The young man slowly sits up in amazement. That’s the same thing the last two gentlemen preached before they transitioned. “What do you mean Dad,” he says.
“Listen Son. The Lord is calling many of us in this generation home today. We’ve had our fair time. I just wish I would have been more wise. Son, I’ve made millions in my lifetime, yet I never spent a dime on my own happiness. And I got nothing to show for it. I leave with you and your mother absolutely nothing. It’s not because I didn’t want to, it’s just because I didn’t do right. I spent all I had on everyone else, but I failed to invest in my real wealth. I failed to take you on camping trips. I forgot to take my wife out on dates. And to top it all off, I saved nothing for the retirement I promised your mother. We were supposed to travel the world. But none of that happened because I was afraid. Son, I’m 62 years old and I’ve been living afraid all my life. I was afraid of being a horrible husband, and it happened. I was afraid of being a screw up father, and I was. I was afraid of losing all of my business and fortune, and I did. I realize now that my own fear and doubt paralyzed me from living the good life. Instead, I stayed within. None of this would’ve happened if I would’ve just lived in the moment. Enjoyed the gifts that God was freely giving and letting it all happen the way it was meant. But because I held on for dear life—because I held on too tight—I missed the good life.”
“Son, if there’s one thing I want you to know, it’s this: LIVE. Live your life to the fullest and don’t let fear, unforgiveness, doubt, hate, distrust, drunkenness, addiction or any of that stuff hold you up or steal your best moments. Cuz before you know it, you’ll be facing this same crossroad. You’ll be staring death in the face, and you too will wonder what the hell you did with your life; and why didn’t you just live? So Son, promise me you’ll choose Life.”
The young man looked at his father with tears flooding his face. “Yes Father. I’ll live.”
The young man’s father reached out his right hand and wiped the boy’s tears away. He smiles at his son and says, "The enemy comes but to kill, steal, and destroy. But our God has come that you might have Life and Son you can have it more abundantly." Then the man takes his final breath. His hand drops to the bed.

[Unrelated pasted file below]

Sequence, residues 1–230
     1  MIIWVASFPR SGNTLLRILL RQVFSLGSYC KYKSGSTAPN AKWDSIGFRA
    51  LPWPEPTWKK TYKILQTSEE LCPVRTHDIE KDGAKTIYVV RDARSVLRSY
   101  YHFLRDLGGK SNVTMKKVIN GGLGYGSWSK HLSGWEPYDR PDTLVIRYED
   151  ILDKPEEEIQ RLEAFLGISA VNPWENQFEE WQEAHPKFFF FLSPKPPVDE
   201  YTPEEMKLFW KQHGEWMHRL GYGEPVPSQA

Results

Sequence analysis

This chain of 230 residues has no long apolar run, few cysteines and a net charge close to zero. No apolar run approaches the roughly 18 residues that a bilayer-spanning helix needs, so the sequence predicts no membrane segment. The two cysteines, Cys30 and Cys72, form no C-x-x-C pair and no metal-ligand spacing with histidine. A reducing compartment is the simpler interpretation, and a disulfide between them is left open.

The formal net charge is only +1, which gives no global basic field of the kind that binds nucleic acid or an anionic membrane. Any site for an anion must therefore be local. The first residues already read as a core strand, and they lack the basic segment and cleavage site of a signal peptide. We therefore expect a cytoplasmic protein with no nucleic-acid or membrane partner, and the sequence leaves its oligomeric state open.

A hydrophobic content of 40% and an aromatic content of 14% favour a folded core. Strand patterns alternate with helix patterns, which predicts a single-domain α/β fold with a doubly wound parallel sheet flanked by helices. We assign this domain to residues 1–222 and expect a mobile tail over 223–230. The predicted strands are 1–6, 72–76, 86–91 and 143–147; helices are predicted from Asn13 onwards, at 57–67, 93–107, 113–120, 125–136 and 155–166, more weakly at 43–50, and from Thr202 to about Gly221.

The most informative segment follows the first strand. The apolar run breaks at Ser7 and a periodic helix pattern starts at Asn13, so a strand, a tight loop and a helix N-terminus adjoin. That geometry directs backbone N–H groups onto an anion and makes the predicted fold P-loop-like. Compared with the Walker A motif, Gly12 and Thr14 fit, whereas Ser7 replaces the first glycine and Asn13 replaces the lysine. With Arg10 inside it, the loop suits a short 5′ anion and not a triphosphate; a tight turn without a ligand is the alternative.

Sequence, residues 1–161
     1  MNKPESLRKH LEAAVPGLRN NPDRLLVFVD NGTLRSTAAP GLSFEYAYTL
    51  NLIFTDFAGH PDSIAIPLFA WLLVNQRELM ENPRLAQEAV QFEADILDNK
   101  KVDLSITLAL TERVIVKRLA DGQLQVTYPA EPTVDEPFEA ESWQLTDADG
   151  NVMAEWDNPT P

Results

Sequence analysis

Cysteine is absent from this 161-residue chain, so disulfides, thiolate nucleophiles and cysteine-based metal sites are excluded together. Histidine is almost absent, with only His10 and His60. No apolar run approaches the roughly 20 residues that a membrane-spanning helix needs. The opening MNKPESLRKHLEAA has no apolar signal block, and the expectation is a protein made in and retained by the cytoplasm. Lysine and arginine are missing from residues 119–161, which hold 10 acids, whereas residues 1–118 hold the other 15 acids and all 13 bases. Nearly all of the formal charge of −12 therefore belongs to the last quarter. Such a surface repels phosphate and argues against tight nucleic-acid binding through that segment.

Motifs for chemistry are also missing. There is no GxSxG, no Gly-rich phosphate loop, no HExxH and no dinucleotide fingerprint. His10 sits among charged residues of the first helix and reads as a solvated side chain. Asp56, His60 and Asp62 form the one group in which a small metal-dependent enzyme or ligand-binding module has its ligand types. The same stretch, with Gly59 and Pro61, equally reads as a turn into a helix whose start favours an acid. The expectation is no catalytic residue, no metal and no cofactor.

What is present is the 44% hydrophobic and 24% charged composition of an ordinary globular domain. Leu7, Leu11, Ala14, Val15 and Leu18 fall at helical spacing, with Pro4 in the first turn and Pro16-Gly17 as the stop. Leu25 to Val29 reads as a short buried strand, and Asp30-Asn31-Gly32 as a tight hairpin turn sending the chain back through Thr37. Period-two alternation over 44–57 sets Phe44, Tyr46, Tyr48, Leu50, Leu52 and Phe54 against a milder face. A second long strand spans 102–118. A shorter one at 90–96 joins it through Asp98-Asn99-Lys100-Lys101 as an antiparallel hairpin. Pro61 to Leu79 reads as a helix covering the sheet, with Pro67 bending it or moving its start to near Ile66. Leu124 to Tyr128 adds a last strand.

I know this Proverb might seem a little long, but it’s worth being read. I think I have something worth being said. You’d be amazed at how many people die on full. They never emptied out their vessels. They never enjoyed life or any waking moment. Living was always pushed off until the next day, or the next check, or the right circumstance. Truth is, you'll never live if you keep waiting on better situations. Life is fluctuating. It's never steady. So you might as well choose to ride it like the roller-coaster that it is. Throw your hands up, scream to the top of your lungs with exhilarating joy, and let God ride you into destiny!
Sadly, many people live on autopilot and have missed all of the good stuff God had planned for them on this side. Let this Proverb be a lesson to you this Holiday Season.
Slow down. Take in the fresh air. Clear your mind of what you’ve got to do next and simply live in the moment for once in your life. Let go of the grudges, stomp the heck out of fear. Don’t live in regret and doubt. And stop second-guessing yourself. You’re worth it. God said so at Calvary. Take a moment to live. LIVE MY FRIENDS! Don’t be so busy that you forget to live.
This Holiday Season, I’m thankful for Life and Life more abundantly. #IChooseLife
I had to write this y’all and get it off my chest. It’s been on me all day. Now back to living and enjoying with my family…
Stay tuned for the next “Kenyon’s Blogversation…” And since it’s Black Friday, go on and take advantage of me and J’s (wifey) new sunglasses line DudlVision @ www.kenyonrdudley.com/dudlvision #ChristmasShopping